Signaling a formal start to the campaign season, Woodstock supervisor Jeremy Wilber and Town Board members Cathy Magarelli and Bill McKenna stated their cases for reelection at an August 19 forum that drew about two dozen residents, including acknowledged supporters of the three incumbents, to Town Hall.
Absent from the event were the office holders’ rivals on the ballot for the Democratic Party primary, which will take place on September 10. Supervisor candidates Lorin Rose and Terrie Rosenblum and Town Board hopeful Gary Kutcher declined an invitation to participate in the Town Hall forum, which was sponsored — and paid for, in the form of a rental fee for the facility — by the incumbents’ campaign organizations. Wilber, Magarelli, and McKenna support one another’s candidacies.
[All of the primary contestants are expected to participate in a September 3 “meet the candidates” event, presented by the Woodstock Democratic Committee, at the Community Center. The Woodstock Republican Committee will choose its local candidates at a caucus sometime before the November 5 general election. Thus far, former Zoning Board of Appeals chairman Howard Harris, who is seeking a seat on the Town Board, is the only Republican in the race.]
In opening and closing statements the incumbents offered reasons why voters should grant them new terms, of two years for the supervisor and four years for the council members. Wilber, who served as supervisor from 2000 to 2007 before reclaiming the office in 2011, emphasized his stewardship of the town’s fiscal affairs. “I think that I have the firmest grasp of finances of all the (supervisorial) candidates,” he said.
Difficult budgetary decisions by the previous and current Town Board had enabled Woodstock to recover from a “serious collapse in revenue,” as evidenced by a fund balance that was practically nil when he took office but now amounts to $461,000, said Wilber. The supervisor added that the tax levy for the general and highway funds — the portion of the townwide levy for which the council is solely responsible — actually decreased in 2013, albeit by a mere $6,000, amid a total outlay of more than $5 million.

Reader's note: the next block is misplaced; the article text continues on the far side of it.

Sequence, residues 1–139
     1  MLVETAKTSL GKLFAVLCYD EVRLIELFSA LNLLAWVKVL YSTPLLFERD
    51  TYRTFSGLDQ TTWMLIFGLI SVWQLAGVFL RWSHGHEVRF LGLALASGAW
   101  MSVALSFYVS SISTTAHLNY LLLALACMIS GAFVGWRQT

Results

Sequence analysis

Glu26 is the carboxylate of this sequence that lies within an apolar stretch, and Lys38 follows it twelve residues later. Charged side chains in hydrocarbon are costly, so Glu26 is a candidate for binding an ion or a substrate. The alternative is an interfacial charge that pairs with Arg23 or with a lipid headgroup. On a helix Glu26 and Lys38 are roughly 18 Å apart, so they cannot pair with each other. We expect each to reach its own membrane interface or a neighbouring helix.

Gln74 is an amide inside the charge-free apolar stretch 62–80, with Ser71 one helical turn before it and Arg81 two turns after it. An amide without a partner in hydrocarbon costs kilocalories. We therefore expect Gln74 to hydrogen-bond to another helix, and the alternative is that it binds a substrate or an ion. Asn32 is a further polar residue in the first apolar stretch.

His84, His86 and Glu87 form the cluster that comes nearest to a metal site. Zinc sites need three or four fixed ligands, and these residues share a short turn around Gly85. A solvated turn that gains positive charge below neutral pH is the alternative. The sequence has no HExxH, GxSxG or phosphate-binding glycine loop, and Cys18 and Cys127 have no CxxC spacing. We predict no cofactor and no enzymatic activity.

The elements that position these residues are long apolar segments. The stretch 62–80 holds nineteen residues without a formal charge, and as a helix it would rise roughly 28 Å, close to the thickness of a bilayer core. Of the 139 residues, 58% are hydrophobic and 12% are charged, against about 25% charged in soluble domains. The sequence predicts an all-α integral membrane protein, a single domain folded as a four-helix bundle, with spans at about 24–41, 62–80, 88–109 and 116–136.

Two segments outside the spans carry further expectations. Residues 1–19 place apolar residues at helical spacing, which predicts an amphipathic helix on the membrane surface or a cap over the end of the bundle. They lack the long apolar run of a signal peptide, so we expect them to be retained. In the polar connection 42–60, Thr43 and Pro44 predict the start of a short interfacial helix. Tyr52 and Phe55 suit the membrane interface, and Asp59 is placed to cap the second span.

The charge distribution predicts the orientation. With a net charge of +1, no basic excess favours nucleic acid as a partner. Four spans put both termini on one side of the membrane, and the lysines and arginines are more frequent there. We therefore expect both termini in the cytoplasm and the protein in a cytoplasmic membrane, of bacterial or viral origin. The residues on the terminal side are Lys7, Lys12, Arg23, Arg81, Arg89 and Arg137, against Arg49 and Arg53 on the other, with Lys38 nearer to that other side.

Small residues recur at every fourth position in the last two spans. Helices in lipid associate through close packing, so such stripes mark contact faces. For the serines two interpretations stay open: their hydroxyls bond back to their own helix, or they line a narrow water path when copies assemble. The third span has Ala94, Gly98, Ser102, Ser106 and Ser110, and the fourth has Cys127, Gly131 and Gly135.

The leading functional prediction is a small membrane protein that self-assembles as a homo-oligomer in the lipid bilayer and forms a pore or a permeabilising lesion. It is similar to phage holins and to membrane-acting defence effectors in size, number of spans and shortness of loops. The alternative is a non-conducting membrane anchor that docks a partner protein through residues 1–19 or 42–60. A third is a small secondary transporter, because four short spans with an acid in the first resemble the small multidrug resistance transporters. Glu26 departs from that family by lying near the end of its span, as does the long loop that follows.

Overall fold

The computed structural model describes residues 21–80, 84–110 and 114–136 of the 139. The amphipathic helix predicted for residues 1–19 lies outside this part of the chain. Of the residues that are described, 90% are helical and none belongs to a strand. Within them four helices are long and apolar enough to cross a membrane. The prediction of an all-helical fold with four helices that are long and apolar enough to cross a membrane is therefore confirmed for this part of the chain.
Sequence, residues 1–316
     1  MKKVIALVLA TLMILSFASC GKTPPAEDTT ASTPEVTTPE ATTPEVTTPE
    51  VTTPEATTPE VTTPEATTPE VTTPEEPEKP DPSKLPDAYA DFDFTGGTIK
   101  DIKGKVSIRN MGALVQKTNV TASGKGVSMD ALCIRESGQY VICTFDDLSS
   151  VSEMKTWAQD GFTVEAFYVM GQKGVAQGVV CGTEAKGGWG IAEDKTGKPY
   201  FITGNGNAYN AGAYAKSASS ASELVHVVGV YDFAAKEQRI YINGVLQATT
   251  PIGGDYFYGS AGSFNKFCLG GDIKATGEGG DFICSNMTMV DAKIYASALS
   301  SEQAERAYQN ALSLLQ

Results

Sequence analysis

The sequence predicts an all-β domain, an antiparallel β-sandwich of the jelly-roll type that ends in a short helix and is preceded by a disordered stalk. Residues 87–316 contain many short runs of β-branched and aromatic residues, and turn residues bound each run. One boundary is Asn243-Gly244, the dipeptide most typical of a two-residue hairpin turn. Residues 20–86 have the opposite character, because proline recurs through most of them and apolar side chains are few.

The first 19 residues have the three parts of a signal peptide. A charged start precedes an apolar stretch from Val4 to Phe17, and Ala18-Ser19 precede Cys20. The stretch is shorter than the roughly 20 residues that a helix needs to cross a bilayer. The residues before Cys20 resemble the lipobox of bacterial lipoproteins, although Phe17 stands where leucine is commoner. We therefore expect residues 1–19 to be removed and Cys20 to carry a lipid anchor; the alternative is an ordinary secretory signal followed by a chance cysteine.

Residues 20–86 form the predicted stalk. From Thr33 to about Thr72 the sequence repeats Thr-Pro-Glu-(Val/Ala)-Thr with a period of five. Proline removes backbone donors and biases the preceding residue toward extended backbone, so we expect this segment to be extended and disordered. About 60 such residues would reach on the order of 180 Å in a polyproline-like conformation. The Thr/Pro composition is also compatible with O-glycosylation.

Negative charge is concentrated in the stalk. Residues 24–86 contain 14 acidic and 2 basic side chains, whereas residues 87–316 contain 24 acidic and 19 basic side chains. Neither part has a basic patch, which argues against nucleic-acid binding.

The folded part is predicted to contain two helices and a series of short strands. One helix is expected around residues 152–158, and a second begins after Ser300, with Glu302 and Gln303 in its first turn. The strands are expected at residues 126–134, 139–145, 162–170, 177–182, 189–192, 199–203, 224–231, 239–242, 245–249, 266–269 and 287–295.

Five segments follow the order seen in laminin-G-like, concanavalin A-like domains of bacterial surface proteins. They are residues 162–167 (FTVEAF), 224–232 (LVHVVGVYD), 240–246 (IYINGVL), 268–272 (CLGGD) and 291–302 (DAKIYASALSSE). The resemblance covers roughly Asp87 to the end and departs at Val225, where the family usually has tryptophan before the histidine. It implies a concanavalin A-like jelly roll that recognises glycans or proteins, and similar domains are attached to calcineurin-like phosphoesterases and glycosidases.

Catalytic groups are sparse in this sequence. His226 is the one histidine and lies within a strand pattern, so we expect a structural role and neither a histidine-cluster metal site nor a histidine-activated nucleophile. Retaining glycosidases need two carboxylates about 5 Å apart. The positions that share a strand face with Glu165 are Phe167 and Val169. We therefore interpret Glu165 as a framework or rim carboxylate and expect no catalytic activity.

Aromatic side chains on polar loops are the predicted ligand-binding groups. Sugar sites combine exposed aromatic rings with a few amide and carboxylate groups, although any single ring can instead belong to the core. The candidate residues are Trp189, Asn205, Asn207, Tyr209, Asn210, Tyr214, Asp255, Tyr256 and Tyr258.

Wilber expressed confidence that the preliminary town budget for 2014, which he will present for the board’s consideration in the fall, will comply with the statewide cap on tax increases, even while providing a 3 percent raise to town employees, whose wages have remained effectively stagnant for three years. “Financial stability is very important for small towns like Woodstock. I feel very confident about Woodstock’s finances and its ability to uphold its values,” the supervisor said, adding that the town has retained a “superior-grade” bond rating.
Council members cite records
Magarelli, a retired teacher who is completing her first term on the board, pronounced herself proud of its accomplishments. The recent renovation of Town Hall had made the building cleaner and safer for employees and residents alike. With that project concluded, the councilwoman is promoting a plan for a comprehensive renovation of the Community Center, which would include an addition of up to 2,000 square feet. Magarelli is leading a drive to solicit private donations that would supplement available town funds and possible bonding for the project’s estimated cost of less than $1 million. With the public’s approval, construction could begin in about a year, said Magarelli, who added that she took pride in coordinating the successful development of the Woodstock Waterfall Park on Tannery Brook Road.
McKenna’s current term on the board is his second; he previously served from 2004 to 2007. Thanks to “great teamwork” on the Town Board and the fortitude of Woodstock residents, the town had survived “a rough couple of years,” said the councilman, alluding to the fiscal crisis that loomed before the last local election, requiring painful budget cuts.